By  on September 24, 2013

MILAN — Versace’s talks to secure a minority shareholder are on track and industry sources point to a short list that includes the IQ Made in Italy joint venture, created last year to invest in Italian brands.

The joint venture was formed by Qatar Holding LLC, a global investment firm founded by the Qatar Investment Authority in 2006, and Italy’s Fondo Strategico Italiano, the holding company controlled by Cassa Depositi e Prestiti, or CDP, a financial company controlled by the Italian Ministry of Economy and Finance, which has a 70 percent stake. Other sources said another investment fund from Qatar as well as a separate Chinese investor could be zeroing in on taking a Versace stake. As reported, the Milan-based firm is looking at selling a 15 to 20 percent holding by the end of the year.

IQ Made has no relation to the Mayhoola for Investments fund from Qatar that owns Valentino.

“Nobody has met with [chief executive] Gian Giacomo Ferraris or the Versace family yet, so no decision has been made. Meetings are likely to be held in October to discuss more concretely,” said an industry source, who requested anonymity. Almost a year ago, Versace tapped Goldman Sachs and Banca IMI to evaluate growth opportunities.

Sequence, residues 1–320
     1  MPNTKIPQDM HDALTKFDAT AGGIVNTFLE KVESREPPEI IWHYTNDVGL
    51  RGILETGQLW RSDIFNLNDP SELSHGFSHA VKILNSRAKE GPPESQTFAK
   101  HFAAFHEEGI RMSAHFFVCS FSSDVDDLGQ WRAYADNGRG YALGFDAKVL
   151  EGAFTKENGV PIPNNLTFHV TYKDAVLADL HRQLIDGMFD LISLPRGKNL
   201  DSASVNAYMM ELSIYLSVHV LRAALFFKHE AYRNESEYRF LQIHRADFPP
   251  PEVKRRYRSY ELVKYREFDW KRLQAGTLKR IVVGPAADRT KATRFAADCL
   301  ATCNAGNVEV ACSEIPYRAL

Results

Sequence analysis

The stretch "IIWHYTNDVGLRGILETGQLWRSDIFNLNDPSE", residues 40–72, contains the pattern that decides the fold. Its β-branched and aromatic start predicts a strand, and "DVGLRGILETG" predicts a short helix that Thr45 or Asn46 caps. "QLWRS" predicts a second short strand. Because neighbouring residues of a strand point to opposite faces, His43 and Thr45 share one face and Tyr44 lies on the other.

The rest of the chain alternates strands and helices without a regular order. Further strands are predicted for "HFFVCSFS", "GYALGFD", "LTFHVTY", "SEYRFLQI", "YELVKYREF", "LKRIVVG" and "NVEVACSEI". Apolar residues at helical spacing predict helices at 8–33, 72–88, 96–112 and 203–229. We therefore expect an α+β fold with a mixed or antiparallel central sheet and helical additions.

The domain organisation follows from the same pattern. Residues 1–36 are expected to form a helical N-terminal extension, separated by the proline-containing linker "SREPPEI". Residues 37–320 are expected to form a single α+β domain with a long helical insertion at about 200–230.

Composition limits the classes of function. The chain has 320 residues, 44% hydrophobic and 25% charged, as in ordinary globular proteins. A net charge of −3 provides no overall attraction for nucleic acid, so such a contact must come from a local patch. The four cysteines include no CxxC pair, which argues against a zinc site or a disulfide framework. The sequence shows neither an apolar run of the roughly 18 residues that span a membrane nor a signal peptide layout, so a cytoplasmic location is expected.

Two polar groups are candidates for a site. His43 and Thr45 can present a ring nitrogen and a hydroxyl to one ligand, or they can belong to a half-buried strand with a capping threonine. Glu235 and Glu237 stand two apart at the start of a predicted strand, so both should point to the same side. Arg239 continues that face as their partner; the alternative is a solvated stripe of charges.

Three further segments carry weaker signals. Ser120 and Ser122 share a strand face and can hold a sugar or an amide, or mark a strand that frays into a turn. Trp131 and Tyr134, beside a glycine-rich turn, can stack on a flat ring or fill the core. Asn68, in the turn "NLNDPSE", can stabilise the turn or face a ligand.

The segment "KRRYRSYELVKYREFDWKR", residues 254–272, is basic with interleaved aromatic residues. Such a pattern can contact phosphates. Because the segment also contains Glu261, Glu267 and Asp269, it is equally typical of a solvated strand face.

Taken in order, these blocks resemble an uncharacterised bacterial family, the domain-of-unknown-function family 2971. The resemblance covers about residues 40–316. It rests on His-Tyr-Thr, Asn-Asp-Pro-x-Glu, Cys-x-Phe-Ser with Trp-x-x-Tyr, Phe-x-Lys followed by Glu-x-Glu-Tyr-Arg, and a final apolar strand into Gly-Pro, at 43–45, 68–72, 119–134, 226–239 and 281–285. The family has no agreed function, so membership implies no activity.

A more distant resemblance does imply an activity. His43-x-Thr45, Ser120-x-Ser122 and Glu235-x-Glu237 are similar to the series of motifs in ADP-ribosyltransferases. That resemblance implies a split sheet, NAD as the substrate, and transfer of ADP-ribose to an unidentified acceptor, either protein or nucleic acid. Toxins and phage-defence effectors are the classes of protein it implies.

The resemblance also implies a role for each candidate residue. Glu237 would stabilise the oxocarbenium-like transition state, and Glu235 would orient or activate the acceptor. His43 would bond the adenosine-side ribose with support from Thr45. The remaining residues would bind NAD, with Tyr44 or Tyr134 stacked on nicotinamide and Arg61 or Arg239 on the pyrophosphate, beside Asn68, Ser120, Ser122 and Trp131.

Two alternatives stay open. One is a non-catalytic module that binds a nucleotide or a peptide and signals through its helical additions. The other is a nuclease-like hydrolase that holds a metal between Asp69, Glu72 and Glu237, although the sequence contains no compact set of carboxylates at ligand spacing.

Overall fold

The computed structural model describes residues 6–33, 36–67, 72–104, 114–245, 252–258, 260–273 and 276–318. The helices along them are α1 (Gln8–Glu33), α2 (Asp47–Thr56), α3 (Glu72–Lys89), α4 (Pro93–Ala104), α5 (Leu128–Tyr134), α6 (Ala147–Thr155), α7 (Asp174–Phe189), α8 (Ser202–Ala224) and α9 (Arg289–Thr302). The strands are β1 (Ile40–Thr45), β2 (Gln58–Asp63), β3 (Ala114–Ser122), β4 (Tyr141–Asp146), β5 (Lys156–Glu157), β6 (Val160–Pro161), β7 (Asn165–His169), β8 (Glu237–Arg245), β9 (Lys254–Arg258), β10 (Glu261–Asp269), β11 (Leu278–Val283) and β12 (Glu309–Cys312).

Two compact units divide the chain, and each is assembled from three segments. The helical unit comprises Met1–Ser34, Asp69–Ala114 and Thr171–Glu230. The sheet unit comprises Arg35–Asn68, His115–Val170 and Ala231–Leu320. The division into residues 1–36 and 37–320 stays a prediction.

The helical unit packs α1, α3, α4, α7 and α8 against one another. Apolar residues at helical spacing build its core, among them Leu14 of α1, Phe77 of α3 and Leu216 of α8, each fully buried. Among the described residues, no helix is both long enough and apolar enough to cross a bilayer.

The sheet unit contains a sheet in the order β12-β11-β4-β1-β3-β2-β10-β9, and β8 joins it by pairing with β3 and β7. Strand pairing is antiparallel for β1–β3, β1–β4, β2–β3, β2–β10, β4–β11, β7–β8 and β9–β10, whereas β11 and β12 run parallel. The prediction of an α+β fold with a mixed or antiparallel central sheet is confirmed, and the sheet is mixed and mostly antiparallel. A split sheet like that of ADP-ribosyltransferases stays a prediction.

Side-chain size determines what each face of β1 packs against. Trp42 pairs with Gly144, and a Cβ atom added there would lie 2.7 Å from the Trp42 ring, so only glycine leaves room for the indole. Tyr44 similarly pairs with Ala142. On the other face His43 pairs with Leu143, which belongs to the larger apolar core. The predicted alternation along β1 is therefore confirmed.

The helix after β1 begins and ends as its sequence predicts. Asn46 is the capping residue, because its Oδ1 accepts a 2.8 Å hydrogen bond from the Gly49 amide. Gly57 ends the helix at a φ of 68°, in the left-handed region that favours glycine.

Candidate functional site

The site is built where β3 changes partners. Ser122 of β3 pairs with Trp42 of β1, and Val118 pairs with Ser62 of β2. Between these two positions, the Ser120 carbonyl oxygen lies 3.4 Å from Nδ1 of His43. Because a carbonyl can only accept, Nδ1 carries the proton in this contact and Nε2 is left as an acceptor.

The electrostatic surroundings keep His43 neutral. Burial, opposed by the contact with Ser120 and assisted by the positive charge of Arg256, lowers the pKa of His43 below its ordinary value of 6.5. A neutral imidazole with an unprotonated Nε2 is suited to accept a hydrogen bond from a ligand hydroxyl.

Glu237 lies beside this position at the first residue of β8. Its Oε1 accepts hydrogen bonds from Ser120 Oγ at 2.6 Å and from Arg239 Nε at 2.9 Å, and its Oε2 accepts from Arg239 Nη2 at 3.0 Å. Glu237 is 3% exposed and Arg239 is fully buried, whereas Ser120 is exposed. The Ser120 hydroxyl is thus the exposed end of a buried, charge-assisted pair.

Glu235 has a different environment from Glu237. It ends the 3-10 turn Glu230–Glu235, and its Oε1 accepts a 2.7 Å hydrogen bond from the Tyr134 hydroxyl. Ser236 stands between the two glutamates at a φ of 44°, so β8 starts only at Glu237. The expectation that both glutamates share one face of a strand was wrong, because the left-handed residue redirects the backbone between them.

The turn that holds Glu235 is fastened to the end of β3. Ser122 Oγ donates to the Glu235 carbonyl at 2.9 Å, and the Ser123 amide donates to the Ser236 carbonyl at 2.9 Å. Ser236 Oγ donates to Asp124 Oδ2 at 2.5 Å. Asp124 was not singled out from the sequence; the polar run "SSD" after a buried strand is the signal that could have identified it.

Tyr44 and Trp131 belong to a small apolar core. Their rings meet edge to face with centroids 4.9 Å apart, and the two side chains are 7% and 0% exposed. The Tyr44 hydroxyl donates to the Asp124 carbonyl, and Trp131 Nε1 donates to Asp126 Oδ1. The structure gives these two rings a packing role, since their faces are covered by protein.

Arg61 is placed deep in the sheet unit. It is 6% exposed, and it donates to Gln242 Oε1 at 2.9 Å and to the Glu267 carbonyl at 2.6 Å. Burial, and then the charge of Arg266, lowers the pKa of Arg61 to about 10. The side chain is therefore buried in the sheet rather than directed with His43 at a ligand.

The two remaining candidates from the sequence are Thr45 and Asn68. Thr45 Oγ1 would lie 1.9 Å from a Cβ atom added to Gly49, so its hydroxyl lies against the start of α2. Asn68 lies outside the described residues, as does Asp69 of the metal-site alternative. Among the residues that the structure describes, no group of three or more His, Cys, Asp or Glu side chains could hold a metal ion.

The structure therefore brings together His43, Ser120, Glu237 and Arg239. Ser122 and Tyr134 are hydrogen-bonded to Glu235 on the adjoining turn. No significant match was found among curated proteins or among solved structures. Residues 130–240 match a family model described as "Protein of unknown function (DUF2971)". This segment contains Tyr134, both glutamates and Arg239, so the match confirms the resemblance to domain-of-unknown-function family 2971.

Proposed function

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Armando Branchini, deputy chairman of Milan consultancy InterCorporate, said the financial advisers will help anchor “the most interesting partner, the one that is more in line” with the company’s goals. “It’s not only about the amount that will be paid. It is sure that the Versace family is seeking a long-term partner with long-term goals, not a private equity that has a five- or six-year vision,” he said.

Branchini said selling a minority stake will give Versace the resources to enter its next phase of development and open stores globally. “The choice of the means is technical, but the objective is strategic. The Versaces are not going to channel the funds to the shareholders but they will reinvest in the company,” he explained.

Branchini cited Salvatore Ferragamo and Brunello Cucinelli as similar examples of family-owned companies with a minority stake on the market. Last spring, Ferraris set a target for a possible initial public offering: when the company hits sales of 500 million to 600 million euros, or $676 million to $811.2 million at current exchange. Last year, Versace reported group revenues of 408.7 million euros, or $523.1 million at average exchange, up 20 percent compared with 2011.

Siblings Santo and Donatella Versace hold 30 and 20 percent stakes, respectively, and Donatella’s daughter, Allegra Versace Beck, owns 50 percent of the firm. Ferraris has repeatedly said that the Versace family does not wish to relinquish control of the luxury firm.


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